In response to:

Should Obama's Health Care Be Opposed?: An Exchange from the June 7, 2012 issue

To the Editors:

In Marcia Angell’s critique of Ronald Dworkin’s article about the Affordable Care Act’s mandate to buy health insurance, she advocates for replacing the ACA with a single-payer system [“Should Obama’s Health Care Be Opposed?,” NYR, June 7]. In his rebuttal to her letter, Dworkin states that “even Senator Edward Kennedy, who was among the most powerful advocates of a single-payer system, long ago abandoned all hope of achieving it.” That is not quite correct.

I was the first physician Senator Kennedy hired as an adviser on health care. I served on his staff between 1971 and 1976 and continued to advise him on matters of health policy until his death in 2009. Although Senator Kennedy was acutely (and painfully) aware of the political obstacles that stood in the way of passing legislation expanding Medicare to eventually cover the entire American population, he nonetheless continued to believe it would be the best policy. On April 25, 2007, and over the objections of some on his staff at the time, he (together with Congressman John Dingell) introduced a bill that would do just that.

To the end, Senator Kennedy believed in going for the best.

Philip Caper, MD
Brooklin, Maine

Jeff Madrick, whom Ronald Dworkin cited as a source, replies:

As Dr. Caper writes, Senator Kennedy always believed that a single-payer system was the best way to achieve adequate health care for all Americans. Not only did he sign onto the Dingell bill, he also reiterated his support of Medicare for all in his book, America Back on Track, which I helped write.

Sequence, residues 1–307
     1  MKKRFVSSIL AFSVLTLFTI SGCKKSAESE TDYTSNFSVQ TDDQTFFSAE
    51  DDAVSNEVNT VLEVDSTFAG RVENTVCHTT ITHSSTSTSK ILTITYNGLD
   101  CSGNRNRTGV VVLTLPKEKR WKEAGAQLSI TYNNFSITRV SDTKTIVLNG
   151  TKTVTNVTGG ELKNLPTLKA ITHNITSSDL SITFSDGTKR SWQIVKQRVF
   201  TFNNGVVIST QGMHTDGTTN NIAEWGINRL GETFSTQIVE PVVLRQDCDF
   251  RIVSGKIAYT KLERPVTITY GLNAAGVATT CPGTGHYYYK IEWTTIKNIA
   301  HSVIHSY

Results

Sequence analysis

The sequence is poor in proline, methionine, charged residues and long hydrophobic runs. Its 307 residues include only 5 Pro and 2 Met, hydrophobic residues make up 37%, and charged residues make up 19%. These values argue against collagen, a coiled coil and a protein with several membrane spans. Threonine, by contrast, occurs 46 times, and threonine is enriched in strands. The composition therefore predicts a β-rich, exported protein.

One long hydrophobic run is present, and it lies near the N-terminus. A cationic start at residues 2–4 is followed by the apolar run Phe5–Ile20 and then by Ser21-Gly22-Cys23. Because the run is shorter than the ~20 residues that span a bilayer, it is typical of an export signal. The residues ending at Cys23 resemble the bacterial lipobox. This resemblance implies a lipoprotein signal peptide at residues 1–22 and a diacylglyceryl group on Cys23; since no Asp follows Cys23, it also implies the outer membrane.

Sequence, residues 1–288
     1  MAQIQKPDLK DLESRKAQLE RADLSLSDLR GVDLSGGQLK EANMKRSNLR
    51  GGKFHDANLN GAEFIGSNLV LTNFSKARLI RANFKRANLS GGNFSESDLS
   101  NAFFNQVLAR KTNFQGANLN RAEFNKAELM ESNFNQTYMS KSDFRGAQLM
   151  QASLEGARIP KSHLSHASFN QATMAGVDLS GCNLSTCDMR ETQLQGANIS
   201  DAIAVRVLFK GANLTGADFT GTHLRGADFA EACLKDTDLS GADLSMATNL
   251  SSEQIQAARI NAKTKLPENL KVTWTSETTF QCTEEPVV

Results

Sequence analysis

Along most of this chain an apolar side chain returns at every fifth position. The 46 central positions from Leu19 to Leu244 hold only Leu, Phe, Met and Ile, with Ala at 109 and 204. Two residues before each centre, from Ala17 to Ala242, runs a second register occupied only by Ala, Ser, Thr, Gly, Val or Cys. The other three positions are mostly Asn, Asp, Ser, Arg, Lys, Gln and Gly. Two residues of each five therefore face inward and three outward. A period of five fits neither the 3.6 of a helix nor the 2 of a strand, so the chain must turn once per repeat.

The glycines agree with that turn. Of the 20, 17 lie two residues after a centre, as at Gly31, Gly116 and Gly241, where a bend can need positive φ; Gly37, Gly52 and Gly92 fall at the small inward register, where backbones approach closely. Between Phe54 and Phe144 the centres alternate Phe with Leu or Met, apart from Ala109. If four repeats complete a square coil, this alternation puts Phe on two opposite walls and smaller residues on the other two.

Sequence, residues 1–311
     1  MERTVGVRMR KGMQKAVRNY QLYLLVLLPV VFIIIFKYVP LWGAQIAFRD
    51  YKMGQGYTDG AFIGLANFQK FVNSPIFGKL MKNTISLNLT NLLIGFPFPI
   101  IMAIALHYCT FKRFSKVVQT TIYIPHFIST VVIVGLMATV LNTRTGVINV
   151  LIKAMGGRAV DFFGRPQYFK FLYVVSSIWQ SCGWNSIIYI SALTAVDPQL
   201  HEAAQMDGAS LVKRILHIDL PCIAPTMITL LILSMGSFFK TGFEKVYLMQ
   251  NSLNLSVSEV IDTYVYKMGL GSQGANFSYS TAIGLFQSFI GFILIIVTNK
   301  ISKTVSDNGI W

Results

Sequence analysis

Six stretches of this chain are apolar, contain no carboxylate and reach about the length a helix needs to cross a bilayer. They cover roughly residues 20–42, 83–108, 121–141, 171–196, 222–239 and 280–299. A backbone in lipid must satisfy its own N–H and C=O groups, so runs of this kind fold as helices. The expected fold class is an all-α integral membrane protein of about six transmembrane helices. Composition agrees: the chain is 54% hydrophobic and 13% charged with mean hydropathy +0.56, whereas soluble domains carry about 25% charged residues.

But in the political world, he had essentially backed off support for pure single-payer systems by the late 1970s. He realized the approach had too many powerful enemies. As Paul Starr points out in his book Remedy and Reaction, Kennedy proposed a plan for universal coverage in 1979 but that plan enabled Americans to buy insurance from Blue Cross, HMOs, or other private insurers. He wrote about his decision to compromise with the private health care industry in his last memoir.

Senator Kennedy was always a political pragmatist. Even in the early 1970s, he was willing to compromise on a full-fledged single-payer plan by requiring some payments by enrollees in opposition to the unions. And let us keep in mind that he supported President Obama’s less than perfect plan as well.

This does not mean Kennedy was not an idealist. His deep-felt idealism was his most admirable trait on issues across the political landscape. But he knew more about how to get legislation passed than almost any of his peers and certainly than anyone around today. It meant compromise, and it is why he accomplished so much. Many of us less-involved observers would not be good at that. But he was.